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Sunday, 10 April 2016

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Basic investing considerations

Before you take to the stock market, it is important to spend some time thinking about what you want to accomplish and how to do that while staying within your risk tolerance levels. Careful thought before and during your investing career will do more to help your results than trying to chase the latest hot stock. After all, it's your money - you should know what you are doing with it and why.

Understand investment needs and financial ability. To earn from your investment, the asset or product you invest in, must grow your capital. You should first think about your investment goals, the time horizon for achieving them and the amount of money needed to attain these in the context of the level of risk you are prepared to take.

It is a precautionary measure to invest only the money that you don't immediately need and won't need in the foreseeable future. Share investments in particular work best when they are held long-term. If you suddenly decide to sell your shares because you need the money, you should be aware that you would be incurring unnecessary transaction fees and there could be a possibility of losing money at the point you decide to sell.

Know what products are available in the market. When you have established your objectives you can then consider a range of products and investments that will assist you in constructing a suitable portfolio for your purposes.

Although you can consider making your own investment decisions by informing yourself well, it is always more prudent to ask a qualified financial professional who is well versed in advising the public about investment options. Make sure you understand what you are investing in.

We cannot stress enough that you should seek professional advice if you fail to fully understand the features of an instrument, the investment-worthiness of the issuer (the company issuing shares) or if any other doubt or confusion arises about the product or its issuer.

Decide on what level of risk you can allow. You need to be aware that there is an element of risk involved if you expect a return on your investment. Before buying shares you need to decide what level of risk you are prepared to take. Are you looking for shares that don't carry too much risk, or are you prepared to accept higher risks in return for the prospect of higher returns? Investing in shares is riskier than other forms of investments, but offer a greater chance of a higher return. Higher the potential return, higher the risk to your funds.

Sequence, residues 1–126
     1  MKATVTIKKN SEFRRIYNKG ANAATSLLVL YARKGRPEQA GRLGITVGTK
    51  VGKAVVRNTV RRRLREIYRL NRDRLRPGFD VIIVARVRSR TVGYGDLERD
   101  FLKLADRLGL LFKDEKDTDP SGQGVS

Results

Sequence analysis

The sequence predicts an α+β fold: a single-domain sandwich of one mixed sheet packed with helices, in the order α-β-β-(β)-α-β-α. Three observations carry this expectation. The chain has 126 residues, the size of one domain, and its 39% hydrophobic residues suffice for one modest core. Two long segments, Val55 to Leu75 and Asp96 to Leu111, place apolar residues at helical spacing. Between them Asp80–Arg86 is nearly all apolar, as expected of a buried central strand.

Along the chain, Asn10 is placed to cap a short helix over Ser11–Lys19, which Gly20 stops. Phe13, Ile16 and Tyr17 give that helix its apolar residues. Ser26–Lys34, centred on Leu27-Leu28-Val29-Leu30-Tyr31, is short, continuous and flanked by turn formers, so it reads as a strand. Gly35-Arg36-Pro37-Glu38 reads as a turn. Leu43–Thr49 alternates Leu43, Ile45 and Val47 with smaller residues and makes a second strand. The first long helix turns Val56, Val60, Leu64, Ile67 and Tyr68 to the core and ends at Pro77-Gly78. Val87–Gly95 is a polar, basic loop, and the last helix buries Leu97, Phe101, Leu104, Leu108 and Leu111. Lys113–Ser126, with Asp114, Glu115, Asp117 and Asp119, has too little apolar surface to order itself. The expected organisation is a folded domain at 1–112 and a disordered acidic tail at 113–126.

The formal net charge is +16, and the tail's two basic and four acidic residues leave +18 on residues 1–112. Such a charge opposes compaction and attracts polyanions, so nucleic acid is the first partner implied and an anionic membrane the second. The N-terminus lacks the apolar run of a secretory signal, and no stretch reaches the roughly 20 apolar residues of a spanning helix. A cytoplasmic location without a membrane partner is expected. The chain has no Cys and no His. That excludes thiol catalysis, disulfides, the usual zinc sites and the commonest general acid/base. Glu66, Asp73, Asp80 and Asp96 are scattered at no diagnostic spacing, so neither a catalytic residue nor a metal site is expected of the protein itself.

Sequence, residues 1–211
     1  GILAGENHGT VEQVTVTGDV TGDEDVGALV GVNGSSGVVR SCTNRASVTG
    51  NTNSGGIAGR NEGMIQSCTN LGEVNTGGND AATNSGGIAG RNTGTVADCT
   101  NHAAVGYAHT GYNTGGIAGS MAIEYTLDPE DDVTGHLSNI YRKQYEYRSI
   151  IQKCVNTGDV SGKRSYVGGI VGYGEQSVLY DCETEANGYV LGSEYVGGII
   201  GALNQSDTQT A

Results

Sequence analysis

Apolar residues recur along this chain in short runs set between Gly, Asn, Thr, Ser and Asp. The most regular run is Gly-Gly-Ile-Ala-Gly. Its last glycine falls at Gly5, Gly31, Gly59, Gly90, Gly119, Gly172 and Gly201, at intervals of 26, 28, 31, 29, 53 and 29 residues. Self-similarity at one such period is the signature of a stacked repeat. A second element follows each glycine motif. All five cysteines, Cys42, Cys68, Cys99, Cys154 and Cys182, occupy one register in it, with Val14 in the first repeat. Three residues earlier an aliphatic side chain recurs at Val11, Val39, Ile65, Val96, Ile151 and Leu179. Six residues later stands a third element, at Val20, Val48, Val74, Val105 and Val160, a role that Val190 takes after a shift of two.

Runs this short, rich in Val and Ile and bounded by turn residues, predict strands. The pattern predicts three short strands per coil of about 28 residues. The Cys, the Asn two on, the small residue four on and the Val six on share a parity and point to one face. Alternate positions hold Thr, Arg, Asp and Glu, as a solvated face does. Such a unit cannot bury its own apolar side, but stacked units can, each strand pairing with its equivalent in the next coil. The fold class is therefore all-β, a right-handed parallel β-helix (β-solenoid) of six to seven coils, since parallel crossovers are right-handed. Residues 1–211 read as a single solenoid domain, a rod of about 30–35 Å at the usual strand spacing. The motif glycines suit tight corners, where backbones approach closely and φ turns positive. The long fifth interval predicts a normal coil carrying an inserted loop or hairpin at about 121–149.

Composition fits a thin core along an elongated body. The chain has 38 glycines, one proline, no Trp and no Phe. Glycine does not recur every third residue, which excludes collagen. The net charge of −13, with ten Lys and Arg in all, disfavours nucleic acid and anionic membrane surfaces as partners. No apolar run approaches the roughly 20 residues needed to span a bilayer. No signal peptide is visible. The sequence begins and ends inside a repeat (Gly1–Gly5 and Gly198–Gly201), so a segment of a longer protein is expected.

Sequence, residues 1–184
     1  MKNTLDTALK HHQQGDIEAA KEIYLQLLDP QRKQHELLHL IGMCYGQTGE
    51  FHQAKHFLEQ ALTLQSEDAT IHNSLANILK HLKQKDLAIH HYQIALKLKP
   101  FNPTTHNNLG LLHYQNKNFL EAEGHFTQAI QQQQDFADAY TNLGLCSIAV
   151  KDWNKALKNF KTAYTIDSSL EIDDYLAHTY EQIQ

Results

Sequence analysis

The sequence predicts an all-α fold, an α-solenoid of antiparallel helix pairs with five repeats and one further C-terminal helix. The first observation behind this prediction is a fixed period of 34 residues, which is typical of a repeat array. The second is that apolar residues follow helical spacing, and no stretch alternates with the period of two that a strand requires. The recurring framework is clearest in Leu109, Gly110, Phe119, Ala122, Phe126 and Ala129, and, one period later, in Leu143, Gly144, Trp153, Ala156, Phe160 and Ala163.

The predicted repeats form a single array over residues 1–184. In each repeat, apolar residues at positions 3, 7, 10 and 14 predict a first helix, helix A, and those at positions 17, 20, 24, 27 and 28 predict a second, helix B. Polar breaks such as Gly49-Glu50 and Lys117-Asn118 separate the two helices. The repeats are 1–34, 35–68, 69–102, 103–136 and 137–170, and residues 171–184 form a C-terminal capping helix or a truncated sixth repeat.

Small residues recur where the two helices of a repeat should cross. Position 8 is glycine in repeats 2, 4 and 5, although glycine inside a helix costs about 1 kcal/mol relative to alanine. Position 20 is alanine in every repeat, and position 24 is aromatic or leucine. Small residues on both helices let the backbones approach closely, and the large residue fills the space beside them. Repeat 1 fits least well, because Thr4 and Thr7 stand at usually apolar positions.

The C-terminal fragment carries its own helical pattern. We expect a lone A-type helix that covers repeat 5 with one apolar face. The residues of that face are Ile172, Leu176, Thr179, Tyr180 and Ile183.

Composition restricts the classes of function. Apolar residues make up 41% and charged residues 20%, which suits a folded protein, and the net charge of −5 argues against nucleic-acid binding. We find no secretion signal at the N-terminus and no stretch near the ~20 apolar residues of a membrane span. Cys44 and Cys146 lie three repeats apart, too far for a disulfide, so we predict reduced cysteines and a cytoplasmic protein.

Diversify

Investing your money in various companies helps reduce the overall level of risk. Not every investment decision you make will produce the desired result, but spreading them evens out the odds. As we indicated previously in last week's column, the best way to minimise risk is to diversify your investments between different companies and sectors.

The recently launched S&P/CSE Sector and Industry Group Indices will help you in this regard as it acts as a representative benchmark for investors, especially if you are looking to diversify your investments in different sectors.

Choose the right approach. The manner in which you approach the share market depends on your time-frame. In general, investors who take a long term view of the market, reap the most rewards. For those investors who have a short term investment time-frame, timing is important as they have to closely keep track of short term movements in prices to find advantageous trading opportunities.

Familiarise yourself with the manner in which the share market moves just by observing it. You can do this by visiting the CSE website www.cse.lk. You will see the performance of the overall market as represented by the ASPI or the index of 20 selected companies the S&P SL20, as well as how individual shares perform under different market conditions.

The website also offers online education that is designed for investors who are starting out under the 'CSE Education' section.

Do your homework

Any investment activity entails gathering knowledge. Especially with share investments you have to be prepared to 'do the homework' on the companies you are investing in. This means you have to keep abreast of what's happening in the country, industry and elsewhere which may affect your investment. You would also have to acquire the basic skill of analysing a company's annual reports, accounts and other statements to understand how the company that you invested in is performing and how its share price may move accordingly.

Consult your investment advisor or stockbroker to get the latest market information about shares you hope to buy or sell. Making decisions based on rumours, particularly if you yourself cannot explain the choice in a rational manner is certainly not advisable.

Conscientious investors also set appropriate benchmarks to measure the performance of their portfolio. Your portfolio is successful if it is achieving or surpassing your investment targets. Particularly if you are an investor who has a large proportion of shares in the portfolio, remember that the overall market can vary significantly over time and will impact the performance of your portfolio.

Therefore, it is useful to consider the overall market performance (in the case of the CSE the reflector is currently the ASPI) as the benchmark. You can also compare the performance of your shares in comparison to the sector they belong to.

 

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